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Coercive Brain-Reading in Criminal Justice
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Book description

Emerging neurotechnology offers increasingly individualised brain information, enabling researchers to identify mental states and content. When accurate and valid, these brain-reading technologies also provide data that could be useful in criminal legal procedures, such as memory detection with EEG and the prediction of recidivism with fMRI. Yet, unlike in medicine, individuals involved in criminal cases will often be reluctant to undergo brain-reading procedures. This raises the question of whether coercive brain-reading could be permissible in criminal law. Coercive Brain-Reading in Criminal Justice examines this question in view of European human rights: the prohibition of ill-treatment, the right to privacy, freedom of thought, freedom of expression, and the privilege against self-incrimination. The book argues that, at present, the established framework of human rights does not exclude coercive brain-reading. It does, however, delimit the permissible use of forensic brain-reading without valid consent. This cautionary, cutting-edge book lays a crucial foundation for understanding the future of criminal legal proceedings in a world of ever-advancing neurotechnology.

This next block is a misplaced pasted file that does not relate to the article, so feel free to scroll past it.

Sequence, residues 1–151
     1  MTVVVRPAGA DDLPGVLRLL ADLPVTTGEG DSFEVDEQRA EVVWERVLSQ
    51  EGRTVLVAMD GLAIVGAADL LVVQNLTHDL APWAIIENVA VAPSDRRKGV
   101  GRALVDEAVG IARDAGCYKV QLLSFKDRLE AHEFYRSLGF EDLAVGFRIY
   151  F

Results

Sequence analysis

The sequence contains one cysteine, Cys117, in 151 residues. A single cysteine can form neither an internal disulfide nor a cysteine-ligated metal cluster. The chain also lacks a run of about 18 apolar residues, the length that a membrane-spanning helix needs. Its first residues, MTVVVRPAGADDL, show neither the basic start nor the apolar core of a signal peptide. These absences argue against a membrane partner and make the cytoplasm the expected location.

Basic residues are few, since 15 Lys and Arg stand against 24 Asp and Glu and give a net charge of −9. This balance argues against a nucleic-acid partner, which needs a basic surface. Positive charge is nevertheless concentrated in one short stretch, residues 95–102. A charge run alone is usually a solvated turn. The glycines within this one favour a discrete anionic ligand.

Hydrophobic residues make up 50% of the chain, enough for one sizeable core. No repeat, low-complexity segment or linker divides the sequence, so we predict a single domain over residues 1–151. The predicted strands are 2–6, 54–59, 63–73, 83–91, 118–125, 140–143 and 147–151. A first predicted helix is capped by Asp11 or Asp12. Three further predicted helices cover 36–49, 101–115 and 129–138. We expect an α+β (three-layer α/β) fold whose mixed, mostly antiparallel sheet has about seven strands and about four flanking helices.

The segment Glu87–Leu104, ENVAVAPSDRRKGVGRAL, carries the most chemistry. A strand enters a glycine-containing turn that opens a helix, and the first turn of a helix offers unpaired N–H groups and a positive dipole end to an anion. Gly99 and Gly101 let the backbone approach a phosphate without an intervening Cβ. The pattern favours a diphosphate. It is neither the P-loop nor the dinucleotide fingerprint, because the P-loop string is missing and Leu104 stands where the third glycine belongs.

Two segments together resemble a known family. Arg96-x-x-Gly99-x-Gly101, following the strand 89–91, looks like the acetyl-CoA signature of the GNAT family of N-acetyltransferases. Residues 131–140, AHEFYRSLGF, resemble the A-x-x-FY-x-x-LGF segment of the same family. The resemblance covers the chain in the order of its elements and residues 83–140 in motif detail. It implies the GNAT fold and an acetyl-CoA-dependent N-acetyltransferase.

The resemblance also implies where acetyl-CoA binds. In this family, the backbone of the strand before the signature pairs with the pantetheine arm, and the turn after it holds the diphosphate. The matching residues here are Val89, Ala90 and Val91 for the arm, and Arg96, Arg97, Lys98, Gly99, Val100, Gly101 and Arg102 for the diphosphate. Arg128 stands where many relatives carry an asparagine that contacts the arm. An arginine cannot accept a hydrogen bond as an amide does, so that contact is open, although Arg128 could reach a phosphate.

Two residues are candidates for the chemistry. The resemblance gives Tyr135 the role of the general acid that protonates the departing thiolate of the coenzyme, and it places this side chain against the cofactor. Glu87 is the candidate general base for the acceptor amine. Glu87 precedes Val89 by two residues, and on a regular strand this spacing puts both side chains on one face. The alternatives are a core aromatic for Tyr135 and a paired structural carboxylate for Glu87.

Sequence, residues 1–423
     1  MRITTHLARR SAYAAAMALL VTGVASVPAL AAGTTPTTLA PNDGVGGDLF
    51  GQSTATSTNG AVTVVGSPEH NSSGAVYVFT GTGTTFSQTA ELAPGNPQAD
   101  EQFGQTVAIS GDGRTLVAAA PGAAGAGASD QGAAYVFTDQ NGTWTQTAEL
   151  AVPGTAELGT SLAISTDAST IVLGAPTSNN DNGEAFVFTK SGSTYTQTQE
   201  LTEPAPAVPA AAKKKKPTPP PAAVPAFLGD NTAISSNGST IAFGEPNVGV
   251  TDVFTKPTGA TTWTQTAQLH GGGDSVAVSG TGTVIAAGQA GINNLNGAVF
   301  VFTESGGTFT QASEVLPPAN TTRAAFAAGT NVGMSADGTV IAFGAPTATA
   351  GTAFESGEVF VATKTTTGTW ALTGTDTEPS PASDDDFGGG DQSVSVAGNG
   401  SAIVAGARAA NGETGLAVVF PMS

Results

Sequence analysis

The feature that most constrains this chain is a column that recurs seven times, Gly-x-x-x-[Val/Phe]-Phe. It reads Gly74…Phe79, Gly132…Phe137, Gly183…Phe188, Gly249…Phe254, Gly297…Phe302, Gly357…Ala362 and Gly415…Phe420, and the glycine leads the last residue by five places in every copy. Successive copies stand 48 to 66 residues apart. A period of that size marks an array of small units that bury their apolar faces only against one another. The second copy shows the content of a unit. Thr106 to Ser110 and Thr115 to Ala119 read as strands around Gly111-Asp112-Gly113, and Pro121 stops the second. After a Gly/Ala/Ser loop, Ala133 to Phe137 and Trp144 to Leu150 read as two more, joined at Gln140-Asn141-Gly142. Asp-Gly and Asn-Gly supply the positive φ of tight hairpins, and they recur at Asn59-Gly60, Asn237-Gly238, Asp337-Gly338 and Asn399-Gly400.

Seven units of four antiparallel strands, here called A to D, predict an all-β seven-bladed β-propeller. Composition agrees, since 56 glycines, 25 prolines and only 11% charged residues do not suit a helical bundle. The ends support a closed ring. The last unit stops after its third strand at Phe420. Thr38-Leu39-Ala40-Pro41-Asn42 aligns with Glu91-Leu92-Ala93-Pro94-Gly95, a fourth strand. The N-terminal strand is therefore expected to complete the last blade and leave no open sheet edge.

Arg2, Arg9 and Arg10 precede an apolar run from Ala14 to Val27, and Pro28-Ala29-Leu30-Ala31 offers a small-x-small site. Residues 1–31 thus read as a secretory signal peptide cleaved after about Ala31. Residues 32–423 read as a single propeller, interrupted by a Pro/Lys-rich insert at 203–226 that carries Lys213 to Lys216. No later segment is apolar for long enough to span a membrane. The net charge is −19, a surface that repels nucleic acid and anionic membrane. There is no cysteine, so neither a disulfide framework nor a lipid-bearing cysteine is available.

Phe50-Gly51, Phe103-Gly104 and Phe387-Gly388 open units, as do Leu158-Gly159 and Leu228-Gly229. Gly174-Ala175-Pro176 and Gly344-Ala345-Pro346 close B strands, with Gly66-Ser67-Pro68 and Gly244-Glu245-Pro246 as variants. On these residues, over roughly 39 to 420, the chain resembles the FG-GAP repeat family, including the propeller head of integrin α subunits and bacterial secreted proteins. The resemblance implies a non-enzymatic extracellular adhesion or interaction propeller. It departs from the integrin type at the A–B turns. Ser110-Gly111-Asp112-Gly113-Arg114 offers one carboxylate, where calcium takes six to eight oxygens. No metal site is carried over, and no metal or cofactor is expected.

‘Should our criminal justice systems adopt new neuroimaging technologies for the purposes of determining responsibility, establishing guilt or assessing risk of recidivism? Ligthart traces the myriad ways in which European human rights law bears on this question. His book provides a compelling, lucid and even-handed analysis, and is essential reading for anyone interested in the ethical and legal status of forensic brain-reading.’

Tom Douglas - Oxford Uehiro Centre for Practical Ethics, University of Oxford

‘This important book, by one of the leaders of the new generation of neurolaw scholars, effectively challenges complacent assumptions that existing European safeguards provide adequate protection to the threats to human rights arising from neurotechnologies. A ‘must-read’ for policymakers, legislators and all who care about human rights.’

Paul Catley - Professor of Neurolaw and Honorary Associate, The Open University

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